French satellite company Eutelsat (ETL.PA) said it was in talks over a possible all-share merger with British rival OneWeb, which could help both companies challenge the likes of Elon Musk-owned SpaceX’s Starlink and Amazon.com’s (AMZN.O) Project Kuiper.
Eutelsat’s statement on Monday came after two sources close to the negotiations told Reuters at the weekend it was poised to buy OneWeb, which was valued at $3.4 billion in its most recent funding round and in which Eutelsat already has a 23% stake.
“Following recent market rumours, Eutelsat Communications confirms that it has engaged in discussions with its co-shareholders in OneWeb regarding a potential all-share combination to create a global leader in connectivity,” Eutelsat said. OneWeb declined to comment.
Eutelsat shares fell 17% to 8.65 euros by 0845 GMT.
“Investors don’t appreciate the uncertainty, and if ETL (Eutelsat) is in a merger of equals with OneWeb, then ETL investors get a share in a new entity where the other half is pretty much an unknown to them … So I understand why ETL shares are down on the news,” said one trader in London.
The talks are centred on a transaction that would result in Eutelsat and OneWeb shareholders each holding 50% of the new, combined entity. There were no assurances that the talks would result in any final agreement, Eutelsat said.
A deal would strengthen both companies in the race to build a constellation of low-orbit satellites. But a tie-up would be politically sensitive, as it would bring together Indian billionaire Sunil Bharti Mittal, along with France, China and Britain as shareholders of the combined group.
“From an anti-trust point of view, this deal is likely to be scrutinised heavily and will also likely need political consensus from both the UK and EU at a time when the UK is choosing a new Prime Minister,” Credit Suisse said in a note.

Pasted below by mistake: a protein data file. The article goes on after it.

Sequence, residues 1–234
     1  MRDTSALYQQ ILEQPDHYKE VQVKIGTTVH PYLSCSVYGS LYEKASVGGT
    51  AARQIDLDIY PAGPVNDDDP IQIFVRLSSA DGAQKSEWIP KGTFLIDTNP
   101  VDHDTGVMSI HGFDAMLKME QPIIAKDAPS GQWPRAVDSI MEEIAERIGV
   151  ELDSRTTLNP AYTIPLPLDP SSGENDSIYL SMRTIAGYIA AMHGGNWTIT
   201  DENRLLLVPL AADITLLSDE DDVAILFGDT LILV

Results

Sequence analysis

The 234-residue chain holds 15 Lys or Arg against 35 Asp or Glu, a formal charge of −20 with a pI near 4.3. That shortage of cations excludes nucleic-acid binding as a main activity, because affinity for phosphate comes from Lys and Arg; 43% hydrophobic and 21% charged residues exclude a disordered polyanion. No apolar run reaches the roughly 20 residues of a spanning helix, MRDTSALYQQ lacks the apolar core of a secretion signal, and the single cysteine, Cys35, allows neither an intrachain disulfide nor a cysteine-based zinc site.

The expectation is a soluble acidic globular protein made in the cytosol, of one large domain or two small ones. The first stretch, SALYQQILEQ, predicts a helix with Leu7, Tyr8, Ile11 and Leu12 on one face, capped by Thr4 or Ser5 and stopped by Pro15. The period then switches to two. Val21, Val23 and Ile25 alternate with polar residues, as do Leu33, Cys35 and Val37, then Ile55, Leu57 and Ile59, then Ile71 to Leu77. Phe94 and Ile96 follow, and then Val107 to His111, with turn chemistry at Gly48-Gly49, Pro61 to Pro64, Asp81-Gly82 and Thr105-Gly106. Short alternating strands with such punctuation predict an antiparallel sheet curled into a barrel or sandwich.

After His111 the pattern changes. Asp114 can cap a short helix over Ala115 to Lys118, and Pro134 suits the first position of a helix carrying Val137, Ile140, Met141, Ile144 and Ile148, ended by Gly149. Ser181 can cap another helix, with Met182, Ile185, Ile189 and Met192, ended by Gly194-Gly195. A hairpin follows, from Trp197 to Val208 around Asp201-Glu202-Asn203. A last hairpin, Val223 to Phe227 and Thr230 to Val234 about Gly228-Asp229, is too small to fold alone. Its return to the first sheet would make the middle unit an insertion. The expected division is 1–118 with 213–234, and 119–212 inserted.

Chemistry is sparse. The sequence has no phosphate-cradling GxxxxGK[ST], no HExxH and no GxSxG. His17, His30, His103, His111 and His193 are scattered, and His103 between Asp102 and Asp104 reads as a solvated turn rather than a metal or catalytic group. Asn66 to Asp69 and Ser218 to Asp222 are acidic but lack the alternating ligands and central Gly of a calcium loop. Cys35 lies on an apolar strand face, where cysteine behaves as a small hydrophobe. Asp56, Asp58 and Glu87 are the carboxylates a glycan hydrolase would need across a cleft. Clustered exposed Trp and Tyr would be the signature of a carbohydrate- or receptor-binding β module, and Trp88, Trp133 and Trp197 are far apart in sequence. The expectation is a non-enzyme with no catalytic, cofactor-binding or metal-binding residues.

Eutelsat estimated the “satellite connectivity” market to be worth around $16 billion by 2030.
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Eutelsat’s biggest shareholder is France’s state-owned investment bank Bpifrance, with a 20% stake. Its fourth-largest shareholder is China’s sovereign fund China Investment Corp, according to Refinitiv data.
OneWeb was rescued from bankruptcy by the British government and India’s Bharti Global. A merger would leave the British government with a minority stake in the merged business, one source close to the matter said.
Britain would retain special rights over OneWeb after the deal, another source said, including a veto over sales to clients deemed risky for security reasons, and a veto over a change in the location of its headquarters.
These special rights would also entail a veto over business relations that may compromise the so-called “Five Eyes” intelligence alliance, comprising Australia, Canada, New Zealand, Britain and the United States, and a say on the supply chain and launch decisions. Reuters